Lebesgue Integral is Extension of Riemann Integral

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Theorem

Let $f: \left[{a \,.\,.\, b}\right] \to \R$ be a Riemann integrable function.

Then it is also Lebesgue integrable, and furthermore:

$\displaystyle R \int_a^b f \left({x}\right) \, \mathrm d x = \int_{\left[{a \,.\,.\, b}\right]} f \, \mathrm d \lambda$

where $\displaystyle R \int_a^b$ is the Riemann integral and $\displaystyle \int_{\left[{a \,.\,.\, b}\right]}$ is the Lebesgue integral.


Proof

Since every step function is also a simple function, we have

$\displaystyle L \left({P}\right) \le \sup_{\phi \le f} \int_a^b \phi \left({x}\right) \mathrm d x \le \inf_{\psi \ge f} \int_a^b \psi \left({x}\right) \mathrm d x \le U \left({P}\right)$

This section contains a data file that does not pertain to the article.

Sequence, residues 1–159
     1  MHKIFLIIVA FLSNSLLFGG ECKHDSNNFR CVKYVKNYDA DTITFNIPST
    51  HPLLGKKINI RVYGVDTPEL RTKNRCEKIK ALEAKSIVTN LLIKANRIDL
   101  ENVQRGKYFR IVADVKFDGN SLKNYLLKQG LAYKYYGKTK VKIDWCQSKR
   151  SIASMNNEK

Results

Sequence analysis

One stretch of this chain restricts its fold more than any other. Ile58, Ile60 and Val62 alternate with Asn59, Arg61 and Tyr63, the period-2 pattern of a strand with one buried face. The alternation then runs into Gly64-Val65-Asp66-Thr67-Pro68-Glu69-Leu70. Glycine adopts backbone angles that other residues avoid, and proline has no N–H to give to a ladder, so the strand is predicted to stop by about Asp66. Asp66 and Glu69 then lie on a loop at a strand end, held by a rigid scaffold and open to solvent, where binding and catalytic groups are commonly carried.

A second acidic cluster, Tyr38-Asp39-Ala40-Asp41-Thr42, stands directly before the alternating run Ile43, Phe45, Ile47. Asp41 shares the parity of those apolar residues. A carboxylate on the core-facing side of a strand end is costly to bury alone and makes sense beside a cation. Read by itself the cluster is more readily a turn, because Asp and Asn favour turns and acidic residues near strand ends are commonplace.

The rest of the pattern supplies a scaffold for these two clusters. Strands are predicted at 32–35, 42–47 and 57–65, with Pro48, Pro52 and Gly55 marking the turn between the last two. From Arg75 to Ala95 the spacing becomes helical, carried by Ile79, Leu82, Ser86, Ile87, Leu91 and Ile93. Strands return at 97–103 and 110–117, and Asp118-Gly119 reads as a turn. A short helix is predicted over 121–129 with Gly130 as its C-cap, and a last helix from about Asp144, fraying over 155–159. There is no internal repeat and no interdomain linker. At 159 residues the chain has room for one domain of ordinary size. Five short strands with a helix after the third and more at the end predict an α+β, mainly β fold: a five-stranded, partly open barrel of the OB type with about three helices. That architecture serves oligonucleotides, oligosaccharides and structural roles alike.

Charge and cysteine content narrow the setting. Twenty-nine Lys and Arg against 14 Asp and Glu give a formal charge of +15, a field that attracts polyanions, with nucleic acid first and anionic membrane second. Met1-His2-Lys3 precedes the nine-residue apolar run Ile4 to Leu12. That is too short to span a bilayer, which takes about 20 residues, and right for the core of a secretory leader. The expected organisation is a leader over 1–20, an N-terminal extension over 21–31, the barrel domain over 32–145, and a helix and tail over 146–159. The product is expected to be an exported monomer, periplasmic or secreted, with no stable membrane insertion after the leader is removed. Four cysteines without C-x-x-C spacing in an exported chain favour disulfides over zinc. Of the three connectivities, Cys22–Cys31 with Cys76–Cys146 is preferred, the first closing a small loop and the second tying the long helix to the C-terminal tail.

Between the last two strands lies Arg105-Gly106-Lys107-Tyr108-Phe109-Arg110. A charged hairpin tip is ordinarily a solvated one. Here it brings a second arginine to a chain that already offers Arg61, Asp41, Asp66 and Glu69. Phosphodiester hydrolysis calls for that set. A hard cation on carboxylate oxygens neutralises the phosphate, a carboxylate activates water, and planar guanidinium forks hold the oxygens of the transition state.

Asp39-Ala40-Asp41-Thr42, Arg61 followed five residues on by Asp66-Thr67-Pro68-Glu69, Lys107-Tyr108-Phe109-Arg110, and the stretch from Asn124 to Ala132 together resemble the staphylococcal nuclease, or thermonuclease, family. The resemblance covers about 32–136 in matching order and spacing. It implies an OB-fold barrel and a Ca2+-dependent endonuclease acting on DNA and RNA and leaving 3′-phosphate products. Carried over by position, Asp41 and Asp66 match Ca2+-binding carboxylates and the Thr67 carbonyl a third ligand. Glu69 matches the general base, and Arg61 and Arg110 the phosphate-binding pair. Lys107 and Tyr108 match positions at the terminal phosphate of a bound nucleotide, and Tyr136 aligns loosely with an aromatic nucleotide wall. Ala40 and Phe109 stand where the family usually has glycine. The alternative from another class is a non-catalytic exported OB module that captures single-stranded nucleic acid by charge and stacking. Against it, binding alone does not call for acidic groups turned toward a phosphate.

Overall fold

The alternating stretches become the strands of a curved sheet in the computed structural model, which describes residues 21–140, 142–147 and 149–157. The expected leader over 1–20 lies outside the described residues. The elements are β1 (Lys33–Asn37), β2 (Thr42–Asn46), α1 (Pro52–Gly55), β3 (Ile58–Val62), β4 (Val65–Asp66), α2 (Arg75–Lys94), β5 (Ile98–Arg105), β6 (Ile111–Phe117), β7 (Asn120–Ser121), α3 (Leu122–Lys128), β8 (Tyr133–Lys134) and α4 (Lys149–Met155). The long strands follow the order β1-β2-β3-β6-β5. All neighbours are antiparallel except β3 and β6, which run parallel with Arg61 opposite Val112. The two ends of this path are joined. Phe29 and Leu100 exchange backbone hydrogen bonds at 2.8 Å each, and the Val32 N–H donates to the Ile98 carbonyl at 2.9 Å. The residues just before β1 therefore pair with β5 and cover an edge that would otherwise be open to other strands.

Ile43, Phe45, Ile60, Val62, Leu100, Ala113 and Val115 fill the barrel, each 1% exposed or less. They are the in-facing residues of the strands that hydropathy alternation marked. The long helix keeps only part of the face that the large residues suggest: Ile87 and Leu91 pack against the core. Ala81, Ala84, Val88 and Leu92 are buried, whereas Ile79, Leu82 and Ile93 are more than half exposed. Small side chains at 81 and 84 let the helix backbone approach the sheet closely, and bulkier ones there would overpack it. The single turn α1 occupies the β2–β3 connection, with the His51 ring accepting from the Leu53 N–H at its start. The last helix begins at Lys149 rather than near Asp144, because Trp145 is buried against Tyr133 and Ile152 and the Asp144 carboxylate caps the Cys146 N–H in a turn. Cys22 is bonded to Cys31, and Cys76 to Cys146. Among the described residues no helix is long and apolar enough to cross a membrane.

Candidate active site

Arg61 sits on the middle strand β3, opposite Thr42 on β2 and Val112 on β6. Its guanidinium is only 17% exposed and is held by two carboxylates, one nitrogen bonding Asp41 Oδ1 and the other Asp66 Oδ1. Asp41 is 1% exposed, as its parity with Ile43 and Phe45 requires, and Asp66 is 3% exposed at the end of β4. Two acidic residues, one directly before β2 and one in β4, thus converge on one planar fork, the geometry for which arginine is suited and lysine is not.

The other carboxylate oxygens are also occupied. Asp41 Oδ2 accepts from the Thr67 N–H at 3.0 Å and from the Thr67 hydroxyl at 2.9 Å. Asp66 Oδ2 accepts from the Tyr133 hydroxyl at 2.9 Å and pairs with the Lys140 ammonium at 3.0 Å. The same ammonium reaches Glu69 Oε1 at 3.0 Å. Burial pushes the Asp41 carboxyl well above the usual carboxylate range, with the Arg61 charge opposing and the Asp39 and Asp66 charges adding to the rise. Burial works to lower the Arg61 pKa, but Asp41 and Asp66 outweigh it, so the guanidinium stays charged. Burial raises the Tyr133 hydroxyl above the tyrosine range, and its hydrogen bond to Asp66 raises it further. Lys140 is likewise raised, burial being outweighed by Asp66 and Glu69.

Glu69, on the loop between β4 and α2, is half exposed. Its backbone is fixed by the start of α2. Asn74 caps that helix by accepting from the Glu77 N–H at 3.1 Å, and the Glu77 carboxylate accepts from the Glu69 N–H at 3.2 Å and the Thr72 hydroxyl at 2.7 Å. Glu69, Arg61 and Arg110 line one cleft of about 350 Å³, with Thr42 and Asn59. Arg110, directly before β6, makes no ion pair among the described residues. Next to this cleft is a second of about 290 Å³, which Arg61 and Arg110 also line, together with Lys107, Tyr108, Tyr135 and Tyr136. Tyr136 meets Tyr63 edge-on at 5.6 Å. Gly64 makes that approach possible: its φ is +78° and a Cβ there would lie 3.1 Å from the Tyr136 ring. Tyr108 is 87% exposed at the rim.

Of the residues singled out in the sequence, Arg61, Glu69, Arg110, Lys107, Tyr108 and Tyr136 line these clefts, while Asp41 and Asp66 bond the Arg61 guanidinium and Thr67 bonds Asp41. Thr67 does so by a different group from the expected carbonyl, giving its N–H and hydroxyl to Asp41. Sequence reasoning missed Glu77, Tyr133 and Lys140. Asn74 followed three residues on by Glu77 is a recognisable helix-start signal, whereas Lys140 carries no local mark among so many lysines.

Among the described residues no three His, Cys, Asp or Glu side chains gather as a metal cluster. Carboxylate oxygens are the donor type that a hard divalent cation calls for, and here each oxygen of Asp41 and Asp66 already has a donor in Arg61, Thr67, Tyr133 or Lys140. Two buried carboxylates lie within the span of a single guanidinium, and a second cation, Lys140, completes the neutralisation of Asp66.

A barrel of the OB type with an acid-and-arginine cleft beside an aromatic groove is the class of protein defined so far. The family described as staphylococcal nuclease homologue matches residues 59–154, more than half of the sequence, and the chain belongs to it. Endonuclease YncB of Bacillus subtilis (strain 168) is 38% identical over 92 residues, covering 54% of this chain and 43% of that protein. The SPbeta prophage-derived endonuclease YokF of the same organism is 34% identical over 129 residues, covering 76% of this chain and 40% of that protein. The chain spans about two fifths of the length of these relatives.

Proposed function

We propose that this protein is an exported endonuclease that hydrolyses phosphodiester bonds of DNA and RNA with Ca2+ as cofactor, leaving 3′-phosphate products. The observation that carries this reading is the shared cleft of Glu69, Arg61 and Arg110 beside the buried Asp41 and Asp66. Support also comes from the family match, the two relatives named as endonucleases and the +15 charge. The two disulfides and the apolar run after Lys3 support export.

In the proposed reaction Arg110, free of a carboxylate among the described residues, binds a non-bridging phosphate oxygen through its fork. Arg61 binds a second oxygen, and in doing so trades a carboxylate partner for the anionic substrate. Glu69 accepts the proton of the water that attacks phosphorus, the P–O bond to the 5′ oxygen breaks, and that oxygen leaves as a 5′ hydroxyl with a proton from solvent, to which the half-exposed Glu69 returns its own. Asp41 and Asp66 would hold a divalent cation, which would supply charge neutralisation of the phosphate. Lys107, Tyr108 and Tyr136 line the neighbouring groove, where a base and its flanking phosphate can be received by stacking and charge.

where $L \left({P}\right)$ and $U \left({P}\right)$ are the lower sum and upper sum as defined in the definition of definite integral.


Since $f$ is Riemann integrable, the inequalities are all equalities and $f$ is measurable by basic properties of measurable functions.


$\blacksquare$


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